- Have the defenceman fire a puck across the neutral zone
- Have a winger on the far side deflect the puck into the zone
Nobody enters the zone with speed. The Leafs love to give the puck back to the opponent when the score is tied. On rare occasions, they’ll out-hustle the defenders to a loose puck and set up a chance for a shot attempt, but the Leafs don’t nearly recover the puck enough to make dumping it in worth it.
Nothing happened between the Leafs going down 2-0 to pump up the team. They escaped a long 3-on-5 situation by the skin of their teeth, but eventually got it going when they played with more urgency. After (surprise) a failed dump-in attempt by Cody Franson, Kessel decided to it it on his own, foregoing the traditional pass to the blue line and instead gaining the line with a tonne of speed. The Leafs established possession in the Anaheim zone easily, leading to this goal:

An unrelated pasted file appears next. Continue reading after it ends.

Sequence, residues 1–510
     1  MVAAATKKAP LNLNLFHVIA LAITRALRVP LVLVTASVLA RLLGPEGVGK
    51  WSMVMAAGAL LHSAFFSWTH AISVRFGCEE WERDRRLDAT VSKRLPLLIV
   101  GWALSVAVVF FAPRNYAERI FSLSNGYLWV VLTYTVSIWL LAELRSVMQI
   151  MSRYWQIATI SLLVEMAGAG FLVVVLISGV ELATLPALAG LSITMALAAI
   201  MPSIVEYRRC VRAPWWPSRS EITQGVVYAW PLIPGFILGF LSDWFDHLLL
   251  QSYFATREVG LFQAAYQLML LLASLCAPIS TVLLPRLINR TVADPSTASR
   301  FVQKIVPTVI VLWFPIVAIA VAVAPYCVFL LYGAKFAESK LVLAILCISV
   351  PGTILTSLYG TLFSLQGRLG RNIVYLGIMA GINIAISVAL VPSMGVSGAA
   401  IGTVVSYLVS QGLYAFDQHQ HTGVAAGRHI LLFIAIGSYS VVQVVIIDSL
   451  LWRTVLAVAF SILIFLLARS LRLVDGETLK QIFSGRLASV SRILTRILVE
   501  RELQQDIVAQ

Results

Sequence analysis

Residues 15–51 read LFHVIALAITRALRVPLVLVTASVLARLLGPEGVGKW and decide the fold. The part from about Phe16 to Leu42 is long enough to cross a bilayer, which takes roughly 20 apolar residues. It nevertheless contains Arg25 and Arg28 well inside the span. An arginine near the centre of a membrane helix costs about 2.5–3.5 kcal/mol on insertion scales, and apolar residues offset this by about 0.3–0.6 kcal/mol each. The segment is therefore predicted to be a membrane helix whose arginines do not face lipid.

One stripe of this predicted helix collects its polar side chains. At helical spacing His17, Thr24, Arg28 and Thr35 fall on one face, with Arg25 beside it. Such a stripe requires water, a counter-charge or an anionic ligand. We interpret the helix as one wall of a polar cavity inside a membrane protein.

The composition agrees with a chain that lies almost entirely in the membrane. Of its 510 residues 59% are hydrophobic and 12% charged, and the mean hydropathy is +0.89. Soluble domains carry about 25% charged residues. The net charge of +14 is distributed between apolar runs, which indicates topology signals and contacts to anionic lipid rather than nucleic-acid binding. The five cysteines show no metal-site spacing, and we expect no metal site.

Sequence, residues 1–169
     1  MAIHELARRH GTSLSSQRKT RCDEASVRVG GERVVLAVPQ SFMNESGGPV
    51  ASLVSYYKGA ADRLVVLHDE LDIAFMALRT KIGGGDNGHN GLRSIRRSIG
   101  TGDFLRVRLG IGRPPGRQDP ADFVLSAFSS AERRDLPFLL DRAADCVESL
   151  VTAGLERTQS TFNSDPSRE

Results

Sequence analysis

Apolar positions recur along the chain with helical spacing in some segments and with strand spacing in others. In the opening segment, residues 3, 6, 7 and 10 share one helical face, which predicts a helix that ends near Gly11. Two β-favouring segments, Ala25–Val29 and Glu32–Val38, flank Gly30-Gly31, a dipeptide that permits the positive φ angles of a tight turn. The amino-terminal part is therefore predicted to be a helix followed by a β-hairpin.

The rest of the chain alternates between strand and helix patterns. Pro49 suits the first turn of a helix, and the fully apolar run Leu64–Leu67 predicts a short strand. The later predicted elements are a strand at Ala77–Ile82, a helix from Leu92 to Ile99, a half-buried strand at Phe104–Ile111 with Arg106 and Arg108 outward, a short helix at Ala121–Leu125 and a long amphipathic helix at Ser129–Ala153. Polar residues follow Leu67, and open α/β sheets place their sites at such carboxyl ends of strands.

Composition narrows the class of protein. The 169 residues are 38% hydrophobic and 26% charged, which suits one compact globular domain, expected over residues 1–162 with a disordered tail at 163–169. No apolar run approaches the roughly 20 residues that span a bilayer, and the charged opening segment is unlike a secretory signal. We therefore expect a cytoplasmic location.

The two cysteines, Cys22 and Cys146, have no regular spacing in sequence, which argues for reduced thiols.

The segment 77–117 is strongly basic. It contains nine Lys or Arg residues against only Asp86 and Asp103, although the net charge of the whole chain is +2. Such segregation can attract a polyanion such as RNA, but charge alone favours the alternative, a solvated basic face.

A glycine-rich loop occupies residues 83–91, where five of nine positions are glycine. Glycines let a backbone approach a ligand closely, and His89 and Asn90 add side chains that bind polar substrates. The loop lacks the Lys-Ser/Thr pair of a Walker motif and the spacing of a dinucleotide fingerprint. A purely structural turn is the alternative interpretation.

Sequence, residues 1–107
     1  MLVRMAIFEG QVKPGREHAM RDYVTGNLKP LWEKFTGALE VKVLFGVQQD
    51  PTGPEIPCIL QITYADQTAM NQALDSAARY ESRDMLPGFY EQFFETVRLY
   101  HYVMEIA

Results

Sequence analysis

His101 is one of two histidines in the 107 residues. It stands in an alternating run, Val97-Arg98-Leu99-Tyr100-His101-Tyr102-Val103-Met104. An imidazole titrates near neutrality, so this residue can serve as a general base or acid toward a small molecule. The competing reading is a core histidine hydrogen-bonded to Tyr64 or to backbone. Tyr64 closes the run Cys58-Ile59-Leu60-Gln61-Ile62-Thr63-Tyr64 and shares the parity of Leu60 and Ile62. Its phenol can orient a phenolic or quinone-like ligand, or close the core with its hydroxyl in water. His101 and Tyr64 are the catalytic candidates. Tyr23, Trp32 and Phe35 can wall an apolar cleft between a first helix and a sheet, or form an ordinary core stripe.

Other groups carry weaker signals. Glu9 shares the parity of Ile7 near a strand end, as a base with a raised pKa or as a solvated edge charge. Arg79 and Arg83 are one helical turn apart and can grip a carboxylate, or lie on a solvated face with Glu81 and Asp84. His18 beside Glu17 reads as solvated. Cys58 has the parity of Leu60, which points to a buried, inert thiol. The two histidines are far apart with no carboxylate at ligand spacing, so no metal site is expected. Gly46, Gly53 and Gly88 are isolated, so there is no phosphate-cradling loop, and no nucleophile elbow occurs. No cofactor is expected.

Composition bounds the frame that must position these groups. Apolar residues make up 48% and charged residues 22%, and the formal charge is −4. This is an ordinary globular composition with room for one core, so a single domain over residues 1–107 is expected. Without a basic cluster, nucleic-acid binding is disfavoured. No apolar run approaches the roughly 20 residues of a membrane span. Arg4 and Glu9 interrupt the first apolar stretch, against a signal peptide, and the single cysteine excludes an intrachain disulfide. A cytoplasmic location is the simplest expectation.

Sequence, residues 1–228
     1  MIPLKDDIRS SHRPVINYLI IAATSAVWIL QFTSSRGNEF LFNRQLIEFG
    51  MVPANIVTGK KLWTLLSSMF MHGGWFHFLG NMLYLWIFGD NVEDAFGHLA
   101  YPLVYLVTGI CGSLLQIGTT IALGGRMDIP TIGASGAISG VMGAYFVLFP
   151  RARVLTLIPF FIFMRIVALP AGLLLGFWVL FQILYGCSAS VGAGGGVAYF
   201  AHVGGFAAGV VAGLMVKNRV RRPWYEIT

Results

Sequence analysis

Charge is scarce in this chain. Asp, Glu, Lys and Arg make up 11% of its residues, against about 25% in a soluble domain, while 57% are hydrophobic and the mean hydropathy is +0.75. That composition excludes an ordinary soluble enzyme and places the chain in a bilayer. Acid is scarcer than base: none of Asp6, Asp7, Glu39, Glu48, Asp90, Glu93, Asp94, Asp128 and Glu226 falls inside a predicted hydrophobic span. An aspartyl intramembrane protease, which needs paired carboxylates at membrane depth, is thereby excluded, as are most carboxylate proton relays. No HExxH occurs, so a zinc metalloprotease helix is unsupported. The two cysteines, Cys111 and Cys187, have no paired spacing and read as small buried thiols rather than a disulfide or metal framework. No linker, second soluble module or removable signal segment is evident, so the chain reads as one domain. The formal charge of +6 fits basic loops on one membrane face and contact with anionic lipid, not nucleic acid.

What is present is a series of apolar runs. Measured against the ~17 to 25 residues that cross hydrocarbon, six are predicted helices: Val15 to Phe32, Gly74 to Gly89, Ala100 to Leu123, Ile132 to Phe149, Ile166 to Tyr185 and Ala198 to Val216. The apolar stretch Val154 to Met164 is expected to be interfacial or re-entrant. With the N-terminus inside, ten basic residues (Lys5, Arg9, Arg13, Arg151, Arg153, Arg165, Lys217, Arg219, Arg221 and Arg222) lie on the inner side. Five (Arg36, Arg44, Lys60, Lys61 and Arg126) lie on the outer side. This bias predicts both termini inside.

The Leafs carried the puck into the Ducks zone just 12 times in the first period, and none of the rushes were real dangerous. Kessel’s rush leading to the first goal was the team’s 8th already in the second period, and David Bolland’s leading up to the Dion Phaneuf goal was the Leafs’ 10th:
Sometimes you just have to play with a little urgency. Kessel’s second and third goals both came off of odd-man rushes, rare breakdowns on a usually stingy Ducks team. James van Riemsdyk could have iced it with a penalty shot late in the third period, but Jonas Hiller stopped him. The Ducks had 13 attempted shots between than and the end of the game (the Leafs had none) but none beat Jonathan Bernier. The Leafs held on.
WHY THE LEAFS WON
During the second intermission, a few Leafs writers in the pressbox, evidently without popcorn or donuts to tide them over, started snarking about analytics because that’s the way to respond to something you don’t understand.
The Leafs shooting percentage will regress to the mean this season. It doesn’t mean that will happen all in a game, or that the Leafs will shoot well below 10% for a chunk of games until the percentages decide that they’ve normalized themselves out. It is simply the law of large numbers, and the key in there is “large”. The same people that believed the Leafs shooting percentage was unsustainable last season also believed the Ducks’ goaltending was. Something had to give Tuesday.